The first half of fall, specifically mid-September through early November, can be one of the best times to fish Candlewood for a host of species, certainly for smallmouth bass.
As water temperatures drop, it will be common to see larger smallmouths patrolling flats close to drop-offs on the hunt for alewives.
The northeastern arm features steep drops with holes going as deep as 80 feet.
These transitional spots are perfect for bass ambushing schools of alewives or other prey and anglers looking for aggressive bass.
Again, keep in mind that smallmouths commonly hunt in schools, especially during the fall, as they round up baitfish.
After pulling a smallmouth from the water, quickly toss a soft plastic bait right in that fish’s wake and let it sink. White and flesh-toned plastics, including Senkos, are a great choice here.
Often one or more smallmouths will be trailing the first bass looking for scraps. Throwing a flesh-colored soft plastic bait behind that lead smallmouth can trigger this reaction strike from the followers.
If there’s anything better than a big smallmouth in the boat for a photo, it’s two of them.
Smallmouth are always popular targets through the ice on Candlewood, either on tip-ups or with lures like a Rapala Jigging Rap, white or silver soft plastic jerkbaits, or other lures that imitate alewives.
When Candlewood Lake starts to warm, largemouth bass will move onto flats, typically near structures like docks and into creek mouths and shallow coves.
“The spring is, 100 percent, my favorite time to bass fish on Candlewood,” Wetherell said.
“When those fish move up shallow, before the spawn, when water temperatures are between 50 and 60 degrees, you’ll see your biggest bags of the entire year. You’re going to see 8-pound largemouth weighed in in April, before the spawn.”
Before bass move closer to shore, you likely will have to plumb deeper water to find them in the early spring.
Deep-running jerkbaits like a Megabass Vision 110 or a lipless crankbait like a Rat-L-Trap are good bets to target deepwater largemouth bass.
Look for cold-water bass holding off ledges, in holes, and submerged creek beds.
When the first largemouth bass do move into shallower water, roughly around mid-May, Wetherell likes throwing lures that imitate crayfish in colors such as orange. Jigs and wakebaits can be incredible options for fish pushing 5 pounds.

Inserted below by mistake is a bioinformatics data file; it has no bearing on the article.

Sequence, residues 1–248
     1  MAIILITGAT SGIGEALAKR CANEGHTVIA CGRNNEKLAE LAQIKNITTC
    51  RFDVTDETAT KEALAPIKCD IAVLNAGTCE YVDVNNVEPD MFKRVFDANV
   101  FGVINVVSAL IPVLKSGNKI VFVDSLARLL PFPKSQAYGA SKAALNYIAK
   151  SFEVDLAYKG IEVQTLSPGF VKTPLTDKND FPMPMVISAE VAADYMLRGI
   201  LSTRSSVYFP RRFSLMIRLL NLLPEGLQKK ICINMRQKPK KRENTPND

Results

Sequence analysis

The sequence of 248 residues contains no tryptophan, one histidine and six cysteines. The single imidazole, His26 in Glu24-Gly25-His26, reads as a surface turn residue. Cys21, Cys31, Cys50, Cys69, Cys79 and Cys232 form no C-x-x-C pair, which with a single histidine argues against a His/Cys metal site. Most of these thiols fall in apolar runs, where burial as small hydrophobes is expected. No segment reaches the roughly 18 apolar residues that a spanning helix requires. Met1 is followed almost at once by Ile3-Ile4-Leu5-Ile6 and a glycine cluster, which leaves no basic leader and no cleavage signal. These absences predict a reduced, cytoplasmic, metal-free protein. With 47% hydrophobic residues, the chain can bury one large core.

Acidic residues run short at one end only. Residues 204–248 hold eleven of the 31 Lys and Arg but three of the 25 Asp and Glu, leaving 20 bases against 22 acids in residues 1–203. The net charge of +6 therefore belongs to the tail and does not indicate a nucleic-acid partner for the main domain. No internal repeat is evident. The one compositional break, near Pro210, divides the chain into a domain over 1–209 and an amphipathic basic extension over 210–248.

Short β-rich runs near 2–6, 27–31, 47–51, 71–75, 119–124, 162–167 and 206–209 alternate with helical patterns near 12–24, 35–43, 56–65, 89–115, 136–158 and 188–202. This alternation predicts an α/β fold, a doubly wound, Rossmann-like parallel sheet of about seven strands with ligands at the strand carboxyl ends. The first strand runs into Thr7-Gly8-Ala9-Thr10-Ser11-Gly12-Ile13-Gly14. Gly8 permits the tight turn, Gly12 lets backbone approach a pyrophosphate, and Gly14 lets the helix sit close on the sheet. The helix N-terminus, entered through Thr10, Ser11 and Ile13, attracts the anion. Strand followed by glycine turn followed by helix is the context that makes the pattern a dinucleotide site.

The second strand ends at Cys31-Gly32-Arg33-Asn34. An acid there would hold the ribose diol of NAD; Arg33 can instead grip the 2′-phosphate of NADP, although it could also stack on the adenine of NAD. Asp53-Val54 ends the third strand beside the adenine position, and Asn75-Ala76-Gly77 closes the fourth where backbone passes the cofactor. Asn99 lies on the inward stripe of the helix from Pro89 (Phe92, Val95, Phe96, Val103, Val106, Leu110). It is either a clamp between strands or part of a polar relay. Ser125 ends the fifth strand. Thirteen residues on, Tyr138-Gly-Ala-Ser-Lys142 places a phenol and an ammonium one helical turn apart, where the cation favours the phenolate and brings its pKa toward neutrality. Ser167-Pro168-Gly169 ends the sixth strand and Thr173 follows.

One of Wetherell’s favorite spring approaches is to fish submerged grass beds.
He targets these areas first thing in the morning with a topwater. As the day warms, he’ll switch to a soft-plastic jerkbait like a Zoom Fluke or a Lunker City Fin-S Fish with a split tail and throw right into the grass while fishing a little deeper.
Wetherell reads a grassline the same way you would a shoreline.
He looks for features that stand out along the vegetation line, like points and indentations.
“Look for any cuts and flip a soft-plastic bait like a jerkbait in there,” he advised.
“A hair jig, especially in the spring, can be incredible,” he said. He also recommends “small, 3-to-4-inch swimbaits that mimic the population of alewives.”
After the spawn, rising water temperatures push bass deeper. This is when you often will be able to catch largemouth bass holding around Jerusalem’s submerged roadbeds and bridges in deeper parts of the lake.
On the lake’s northern end, two massive arms have relatively deep holes that hold both types of bass once water temperatures warm.
Just north of the region known as New Milford Bay, some holes drop to about 85 feet. Drop-shotting soft plastics like a Senko along steep drops can be a terrific tactic from late June through August.
In the lake’s northwestern arm, Green and Deer islands provide steep drops and ledges that begin holding largemouths as the water warms from spring into summer. Productive spots to try are Green Island’s northwestern corner and Deer Island’s northeastern corner.
Largemouths move back into shallow water in September and October to feed more aggressively. Look for them around structures, including docks.
Allow large soft plastics, like curly-tail worms in the 7-to-10-inch range, to sink slowly and enticingly in likely holding water.
Besides alewives, the lake’s perch population makes easy meals for largemouth putting on the feedbag for the winter. So, consider casting shallow-diving crankbaits in a perch pattern where bass tend to hold.
Candlewood Lake is a particularly popular Connecticut lake for ice fishing when (and if) it freezes over.
Largemouth through the ice will take a variety of baits, but Jigging Raps, specifically in the black and silver pattern, and shiners on tip-ups are both popular choices.